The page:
Mark Shields: A public lesson in personal humility
By Mark Shields
It probably would be fair to say that in early 1981 I was more than a little self-satisfied. Having worked in four presidential campaigns before becoming an editorial writer for the Washington Post with my own column, I had, thanks to the kindness of an old friend, presidential Press Secretary Jim Brady, been given, just 12 days after the inauguration, one of the first one-on-one White House interviews with the new president Ronald Reagan.
I spent 40 minutes in the Oval Office asking the president about the influence of sports in his own life. I had thoroughly prepared for the session by interviewing friends, colleagues and even old college football teammates of the man affectionately known as the “Gipper” for his movie portrayal of Notre Dame halfback George Gipp. For example, they knew that the Little 19 Conference of which Eureka College, Reagan’s alma mater, was a member actually had 21 schools in it.
It was not my first time interviewing Reagan. But I felt this preparation had paid off, that there was rapport between us, and that, immodestly, I had even been able to slightly pierce the legendary Reagan reserve to get him to open up a little about himself. The interview was the cover story in the March issue of Inside Sports magazine with a national circulation of 500,000. The Washington Post printed the interview on its front page. Did I mention something about my level of self-satisfaction?
Fast forward five years, and Tom Brokaw, one of journalism’s good guys, was preparing to tape a White House interview with Reagan that would be shown on NBC just prior to the kickoff of the 1986 Super Bowl game on that network. Brokaw, who called beforehand to ask a couple of questions, pleased me by saying that out of all his research, he had found my interview with the president the most helpful.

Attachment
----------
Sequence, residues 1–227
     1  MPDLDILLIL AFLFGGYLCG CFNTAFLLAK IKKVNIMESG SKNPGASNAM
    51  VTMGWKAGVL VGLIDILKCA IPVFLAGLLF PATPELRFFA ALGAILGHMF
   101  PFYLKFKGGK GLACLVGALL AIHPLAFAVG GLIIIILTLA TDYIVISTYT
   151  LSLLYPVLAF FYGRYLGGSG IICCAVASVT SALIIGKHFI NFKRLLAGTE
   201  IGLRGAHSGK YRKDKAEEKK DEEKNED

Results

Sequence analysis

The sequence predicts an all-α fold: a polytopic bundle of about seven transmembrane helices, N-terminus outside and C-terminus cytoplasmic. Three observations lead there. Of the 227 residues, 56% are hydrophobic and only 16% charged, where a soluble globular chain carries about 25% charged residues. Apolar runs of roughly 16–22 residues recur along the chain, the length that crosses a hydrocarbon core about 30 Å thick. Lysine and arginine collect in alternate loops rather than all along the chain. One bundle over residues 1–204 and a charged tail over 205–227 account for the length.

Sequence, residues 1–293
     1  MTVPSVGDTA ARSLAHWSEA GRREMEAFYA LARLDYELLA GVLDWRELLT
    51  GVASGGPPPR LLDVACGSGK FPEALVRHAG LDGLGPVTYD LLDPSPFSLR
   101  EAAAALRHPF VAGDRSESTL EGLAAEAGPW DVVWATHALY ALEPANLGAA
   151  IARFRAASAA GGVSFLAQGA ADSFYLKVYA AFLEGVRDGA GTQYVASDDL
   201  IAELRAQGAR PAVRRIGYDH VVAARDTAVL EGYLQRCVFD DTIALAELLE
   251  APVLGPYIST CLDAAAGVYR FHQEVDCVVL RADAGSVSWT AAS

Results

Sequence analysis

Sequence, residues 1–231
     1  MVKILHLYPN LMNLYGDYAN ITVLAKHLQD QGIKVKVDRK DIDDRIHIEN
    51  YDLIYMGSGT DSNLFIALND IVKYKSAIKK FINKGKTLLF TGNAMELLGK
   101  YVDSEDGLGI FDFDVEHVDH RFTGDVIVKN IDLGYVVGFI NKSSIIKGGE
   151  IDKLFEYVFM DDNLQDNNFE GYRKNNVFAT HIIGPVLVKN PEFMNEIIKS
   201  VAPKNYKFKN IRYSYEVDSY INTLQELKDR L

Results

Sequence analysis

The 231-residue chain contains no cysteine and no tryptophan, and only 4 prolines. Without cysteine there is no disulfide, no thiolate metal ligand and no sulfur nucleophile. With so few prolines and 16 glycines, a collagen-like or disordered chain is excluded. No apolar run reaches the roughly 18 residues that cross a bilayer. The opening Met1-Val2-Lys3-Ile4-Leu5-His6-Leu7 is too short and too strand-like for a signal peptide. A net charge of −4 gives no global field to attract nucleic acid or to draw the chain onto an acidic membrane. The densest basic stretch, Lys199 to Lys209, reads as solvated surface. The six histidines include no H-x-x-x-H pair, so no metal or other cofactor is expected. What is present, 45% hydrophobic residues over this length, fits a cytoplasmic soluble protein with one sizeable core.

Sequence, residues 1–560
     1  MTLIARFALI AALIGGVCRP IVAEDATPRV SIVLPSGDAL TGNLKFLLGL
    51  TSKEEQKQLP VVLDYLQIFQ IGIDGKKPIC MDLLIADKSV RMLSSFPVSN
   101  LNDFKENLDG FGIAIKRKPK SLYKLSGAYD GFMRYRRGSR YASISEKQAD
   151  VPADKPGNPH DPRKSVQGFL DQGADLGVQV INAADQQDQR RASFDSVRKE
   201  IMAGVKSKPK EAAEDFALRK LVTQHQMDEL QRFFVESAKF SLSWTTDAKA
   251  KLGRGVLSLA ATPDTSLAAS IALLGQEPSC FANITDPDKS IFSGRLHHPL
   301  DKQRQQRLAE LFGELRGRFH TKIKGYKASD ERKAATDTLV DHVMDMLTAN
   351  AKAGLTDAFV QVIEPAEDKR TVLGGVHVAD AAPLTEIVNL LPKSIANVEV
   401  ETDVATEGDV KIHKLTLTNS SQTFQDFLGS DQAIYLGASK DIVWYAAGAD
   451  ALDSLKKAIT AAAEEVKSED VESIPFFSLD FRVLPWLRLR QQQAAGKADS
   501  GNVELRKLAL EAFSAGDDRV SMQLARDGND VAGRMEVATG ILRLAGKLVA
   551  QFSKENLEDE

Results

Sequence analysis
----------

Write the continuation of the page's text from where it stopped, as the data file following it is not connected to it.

Frankly curious, I had asked Reagan how he had achieved the self-confidence in the middle of the Great Depression as a new college graduate — when the U.S. economy had actually shrunk by half, and when one out of four heads of household was unemployed — to get, with no experience and no contacts, a glamorous job as a radio announcer.
Reagan had paused, appearing to wonder himself how it all had happened. A little haltingly, he recalled the audition where they “stood me in front of the first microphone I’d ever seen” and told me to broadcast “an imaginary football game.” He remembered a game from the previous season “that we won in the last 20 seconds,” and even his own descriptive language about “the chill wind blowing in through the stadium,” and then confessing to me with a grin, “We didn’t have a stadium; just a grandstand.”
At the conclusion of his 1986 Super Bowl interview, after Brokaw had thanked him for his time, Reagan asked: “Do I have a second so that I could tell you a little incident in my memories of football?” Of course, the president, with the familiar pauses he had used in my 1981 Inside Sports interview, talked about his audition when “they told me to stand in front of a microphone and imagine a football game and broadcast it on radio.”
Remarkably, he remembered “there were 20 seconds to play,” and even his language about ” the chill wind coming in through the end of the stadium” before admitting to Brokaw, “We didn’t have stadiums; we had bleachers.”
I remember sitting stunned in 1986 as I watched the president’s almost gesture-for-gesture-, word-for-word replay of the “answers” I had so cleverly elicited from a tentative Reagan five years earlier. I was forced to admit, humbly, that I had been outwitted and buffaloed by the Great Communicator.